RYE WHISKEY is all the rage these days. It seems that every week a new brand appears on the market. Some are quite good: Michters, Bulleit and Templeton among them. Long before any of those brands existed, however, there was Old Overholt — the first and most famous of the commercially produced Monongahela Rye whiskies of western Pennsylvania.
The West Overton Distillery in Pennsylvania is now a museum and a stop on the American Whiskey Trail.
Photo by Callan Burkhart
Much has been written on the Whiskey Rebellion (1791-1794), the first armed conflict of the fledgling United States after the Revolutionary War, during which armed settlers in Western Pennsylvania rose up to protest a tax on their self-made whiskey. Many Scots-Irish settlers had just shed blood fighting the British over taxation, both in the British Isles and in America, only to be taxed by the newly formed U.S. government.
The rebellion itself was brief (fading completely when a federal militia of 15,000 arrived), but history books often say this was the beginning of the end of Pennsylvania whiskey. Some say that many distillers fled down the Monongahela River, until it became the Ohio River, then followed that to Louisville, Ky., where they eventually made Bourbon whiskey.
This is interesting but probably untrue for at least two reasons:
• Whiskey was already being made by settlers in Kentucky.
• The century after the Whiskey Rebellion was the best in Pennsylvania whiskey history.
The total cost of the rebellion to the U.S. is thought to have been about $700,000. Exactly 110 years later, one Pennsylvania distiller alone paid more than that amount in federal taxes. The fact is from 1810 until 1919 the most popular whiskey in the U.S. was Pennsylvania Rye. Some studies suggest that 19th-century Americans drank as much as six times more rye whiskey per capita than they do today. This started before the corn whiskies of Kentucky even had a name.
Legally, rye whiskey is subject to the same stipulations as Bourbon: distilled to no more than 160 proof (80 percent alcohol by volume); aged in charred, new oak barrels (at not more than 125 proof); and, if aged for at least two years, may be designated as “straight.” The only real difference between the two in terms of production is the source material. Bourbon must be at least 51 percent corn, and rye must be at least 51 percent rye. Technically speaking, the difference can be as little as 2 percent, but the percentages are usually much higher.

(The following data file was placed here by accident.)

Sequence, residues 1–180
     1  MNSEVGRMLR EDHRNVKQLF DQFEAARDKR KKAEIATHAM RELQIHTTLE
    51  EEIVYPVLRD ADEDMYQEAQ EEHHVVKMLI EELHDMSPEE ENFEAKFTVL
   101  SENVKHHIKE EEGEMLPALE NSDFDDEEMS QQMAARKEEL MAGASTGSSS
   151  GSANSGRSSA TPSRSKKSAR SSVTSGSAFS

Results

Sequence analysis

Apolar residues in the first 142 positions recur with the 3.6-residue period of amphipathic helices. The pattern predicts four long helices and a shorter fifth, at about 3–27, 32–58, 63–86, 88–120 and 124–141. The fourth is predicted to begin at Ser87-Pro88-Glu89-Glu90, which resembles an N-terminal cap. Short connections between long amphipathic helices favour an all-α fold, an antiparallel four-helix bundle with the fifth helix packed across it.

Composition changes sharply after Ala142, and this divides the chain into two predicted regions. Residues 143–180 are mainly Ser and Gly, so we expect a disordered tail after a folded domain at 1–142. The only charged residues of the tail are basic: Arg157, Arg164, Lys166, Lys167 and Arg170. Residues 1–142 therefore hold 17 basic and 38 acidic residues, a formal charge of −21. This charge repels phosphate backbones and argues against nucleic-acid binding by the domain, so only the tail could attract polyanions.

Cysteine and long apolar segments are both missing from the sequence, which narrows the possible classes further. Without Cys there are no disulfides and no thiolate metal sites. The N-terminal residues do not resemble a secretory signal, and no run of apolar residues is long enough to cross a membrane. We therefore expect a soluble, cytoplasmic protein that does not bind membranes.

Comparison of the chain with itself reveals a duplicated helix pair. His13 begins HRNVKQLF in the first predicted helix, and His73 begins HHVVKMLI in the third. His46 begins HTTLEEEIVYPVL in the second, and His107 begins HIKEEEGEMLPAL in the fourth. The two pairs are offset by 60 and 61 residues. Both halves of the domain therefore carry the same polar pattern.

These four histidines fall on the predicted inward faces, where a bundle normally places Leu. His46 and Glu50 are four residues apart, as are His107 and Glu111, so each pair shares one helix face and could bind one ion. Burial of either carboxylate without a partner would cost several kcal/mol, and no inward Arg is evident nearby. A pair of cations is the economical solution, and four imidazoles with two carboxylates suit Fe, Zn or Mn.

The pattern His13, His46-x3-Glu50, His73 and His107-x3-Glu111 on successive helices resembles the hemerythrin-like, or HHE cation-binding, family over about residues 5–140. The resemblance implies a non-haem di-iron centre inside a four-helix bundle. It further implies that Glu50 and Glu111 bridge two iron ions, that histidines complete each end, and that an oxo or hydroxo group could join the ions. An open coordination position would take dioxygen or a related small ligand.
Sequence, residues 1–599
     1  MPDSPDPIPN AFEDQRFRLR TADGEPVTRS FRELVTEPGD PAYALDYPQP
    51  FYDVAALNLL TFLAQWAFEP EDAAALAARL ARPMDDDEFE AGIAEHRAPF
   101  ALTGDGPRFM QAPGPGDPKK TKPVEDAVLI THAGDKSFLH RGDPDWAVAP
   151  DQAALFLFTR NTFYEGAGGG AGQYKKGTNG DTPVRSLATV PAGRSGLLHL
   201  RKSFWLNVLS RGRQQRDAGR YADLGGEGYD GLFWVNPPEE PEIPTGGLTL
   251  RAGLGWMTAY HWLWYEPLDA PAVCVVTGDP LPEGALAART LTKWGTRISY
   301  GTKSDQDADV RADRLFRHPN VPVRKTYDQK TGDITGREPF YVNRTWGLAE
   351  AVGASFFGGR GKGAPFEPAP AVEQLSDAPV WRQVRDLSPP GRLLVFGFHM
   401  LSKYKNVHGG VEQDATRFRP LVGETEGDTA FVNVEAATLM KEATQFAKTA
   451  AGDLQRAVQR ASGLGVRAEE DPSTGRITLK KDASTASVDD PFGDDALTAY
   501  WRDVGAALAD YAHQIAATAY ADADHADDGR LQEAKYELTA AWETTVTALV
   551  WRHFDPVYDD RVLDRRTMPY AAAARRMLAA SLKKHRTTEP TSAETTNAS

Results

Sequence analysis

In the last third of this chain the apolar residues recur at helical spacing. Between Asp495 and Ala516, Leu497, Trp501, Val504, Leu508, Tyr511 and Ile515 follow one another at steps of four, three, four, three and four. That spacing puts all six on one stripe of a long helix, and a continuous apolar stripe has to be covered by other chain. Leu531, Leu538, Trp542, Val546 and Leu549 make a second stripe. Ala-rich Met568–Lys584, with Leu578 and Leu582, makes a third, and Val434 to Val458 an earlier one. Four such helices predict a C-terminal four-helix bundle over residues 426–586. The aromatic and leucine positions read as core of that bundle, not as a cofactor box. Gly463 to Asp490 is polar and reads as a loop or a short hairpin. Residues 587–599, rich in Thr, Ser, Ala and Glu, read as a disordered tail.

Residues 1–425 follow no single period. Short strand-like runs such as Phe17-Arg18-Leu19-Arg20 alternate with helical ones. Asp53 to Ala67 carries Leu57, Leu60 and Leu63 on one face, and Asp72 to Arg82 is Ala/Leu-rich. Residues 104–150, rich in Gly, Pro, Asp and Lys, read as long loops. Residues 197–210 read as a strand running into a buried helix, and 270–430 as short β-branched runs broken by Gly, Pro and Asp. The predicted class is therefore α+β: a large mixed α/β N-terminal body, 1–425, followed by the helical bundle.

In 1810, Abraham Overholt (whose picture appears the Old Overholt bottle) decided to take the family’s private distilling practices public. At the family’s homestead in West Overton, Pa., he began to produce Old Farm Pure Rye whiskey. He began producing about eight gallons a day, but soon was producing nearly 200. Some of the family then began to make other whiskey in nearby Broad Ford, under a variety of names, including Old Monongahela and A. Overholt. In 1860, the Old Farm distillery was demolished and a six-story building was built, which still stands today. It now houses the West Overton Museum and is a stop on the American Whiskey Trail.
Abraham Overholt died in 1870, and his family later began producing Old Overholt at the Broad Ford distillery. Prohibition later did what Washington’s army couldn’t: It virtually destroyed Pennsylvania Rye. The Overton Distillery closed in 1920, but the Broad Ford plant was allowed to produce “medicinal spirits” during the ban. Of the dozens of Pennsylvania distilleries that existed before Prohibition only Old Overholt survived it, albeit no longer owned by the Overholt family.
This new Old Overholt migrated first to Cincinnati then in 1987 moved to Kentucky where it is now owned by Jim Beam Inc., putting an anticlimactic end to Pennsylvania Rye whiskey.
On a recent trip to West Overton I learned these things:
• Henry Clay Frick, one of the greats of the Industrial Age, was born in West Overton and was the last of the Overholt family to actually own Old Overholt whiskey.
• The West Overton Museum is undergoing a major renovation and will reopen for tours in August.
• The three sites on the American Whiskey Trail in Pennsylvania — West Overton, the Woodville Plantation and the Oliver Miller Homestead — have no whiskey available.
• Sadly, in spite of the burgeoning popularity of rye whiskey, its birthplace Pennsylvania today produces no rye whiskey at all.